Hey shortformblog, you’re mostly wrong.
Because Twitter cannot prevent the type of attack which has caused so many brands to loose their twitter account - malware (specifically keyloggers) logs the users credentials when they log into twitter.com, which the attacker then uses to make a perfectly “legitimate” login at a later time.
How do you prevent this as a user, given that its the #1 vector of attack for these big name brand hijackings? Use a computer that you know isn’t infected with MalWare. How do you ensure that a computer doesn’t have any malware? Never connect it to the internet (or if you do connect, only use twitter.com, and not browsing or emailing).
Does this make sense for the average user? Not at all. Does it make sense for a global brand or news agency who want to avoid what happened to AP? Easily. The $1200 hypothetical laptop is far cheaper than the damage to a brand from a high publicity hijacking.
The reason that I say “mostly” is that twitter could prevent this by using Google Authenticator or some other form of two-factor authentication. This would be unneeded for a normal user, but would allow big brands to add the extra security. I suspect that Twitter is probably working on this right now, and that this announcement is just until it is deployed.
You realize these accounts are used by multiple users and organizations as large as AP use third-party apps, right? And that numerous people use that single account, right? And that social media pretty much only works because you can share links? This solution is not realistic. It’s a band-aid solution until Twitter gets its stuff together.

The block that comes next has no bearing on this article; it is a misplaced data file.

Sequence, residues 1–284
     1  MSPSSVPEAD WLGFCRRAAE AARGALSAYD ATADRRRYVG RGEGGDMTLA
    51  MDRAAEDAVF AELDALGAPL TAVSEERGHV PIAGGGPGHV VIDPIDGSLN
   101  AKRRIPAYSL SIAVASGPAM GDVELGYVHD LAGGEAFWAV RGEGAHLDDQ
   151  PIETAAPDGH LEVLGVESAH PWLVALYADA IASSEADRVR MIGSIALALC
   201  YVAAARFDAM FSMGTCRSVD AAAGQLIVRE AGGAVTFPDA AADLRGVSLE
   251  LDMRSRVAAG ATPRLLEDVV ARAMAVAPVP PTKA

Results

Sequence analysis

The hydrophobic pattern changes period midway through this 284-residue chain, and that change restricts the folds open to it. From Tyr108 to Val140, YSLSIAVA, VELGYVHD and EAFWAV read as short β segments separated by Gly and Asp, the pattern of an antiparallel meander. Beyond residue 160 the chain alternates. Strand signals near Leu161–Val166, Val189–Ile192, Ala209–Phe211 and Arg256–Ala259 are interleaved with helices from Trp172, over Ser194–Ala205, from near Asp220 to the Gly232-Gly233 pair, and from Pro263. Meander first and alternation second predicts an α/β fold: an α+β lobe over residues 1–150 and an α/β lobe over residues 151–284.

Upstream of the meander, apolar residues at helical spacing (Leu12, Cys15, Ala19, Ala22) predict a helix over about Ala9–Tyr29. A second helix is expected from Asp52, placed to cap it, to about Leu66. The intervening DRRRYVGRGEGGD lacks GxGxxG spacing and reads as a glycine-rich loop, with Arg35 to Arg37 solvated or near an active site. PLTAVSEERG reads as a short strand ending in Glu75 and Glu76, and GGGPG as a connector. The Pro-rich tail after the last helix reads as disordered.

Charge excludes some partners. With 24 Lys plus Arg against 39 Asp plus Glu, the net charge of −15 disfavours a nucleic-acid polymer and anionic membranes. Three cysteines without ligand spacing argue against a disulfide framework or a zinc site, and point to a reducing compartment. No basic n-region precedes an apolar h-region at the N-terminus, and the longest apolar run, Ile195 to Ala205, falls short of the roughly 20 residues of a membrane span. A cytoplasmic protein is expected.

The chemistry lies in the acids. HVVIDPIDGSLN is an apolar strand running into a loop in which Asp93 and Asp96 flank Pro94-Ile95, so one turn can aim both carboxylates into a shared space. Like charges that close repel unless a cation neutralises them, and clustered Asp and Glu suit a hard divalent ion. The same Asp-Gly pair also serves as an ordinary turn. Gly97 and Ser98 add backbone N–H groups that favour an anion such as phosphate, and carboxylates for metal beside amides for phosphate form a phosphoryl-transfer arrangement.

The problem here is that large brands have been asking for that two-factor solution for at least two years (Facebook launched it two years ago, and Google has had it for years), and now, Twitter is feeling some serious pain because they only hired someone to work on the two-factor thing within the past six months.
They can’t block such attacks because they haven’t built out their system to deal with them.
If Twitter was serious about protecting its users, it would have been working on this solution before it got to this point, especially considering the seriousness of the problems being raised and the size of the brands it was courting. But instead, they’re playing catch-up. The best solution to bad security is being proactive.
The hypothetical dedicated laptop is not the problem. The fact that the hypothetical dedicated laptop was required in the first place is the problem.
This week, we detected unusual access patterns that led to us identifying unauthorized access attempts to Twitter user data. We discovered one live attack and were able to shut it down in process moments later. However, our investigation has thus far indicated that the attackers may have had access to limited user information – usernames, email addresses, session tokens and encrypted/salted versions of passwords – for approximately 250,000 users.Bad news guys: Twitter suffered a hacking incident — and a lot of people were affected. At least 250,000.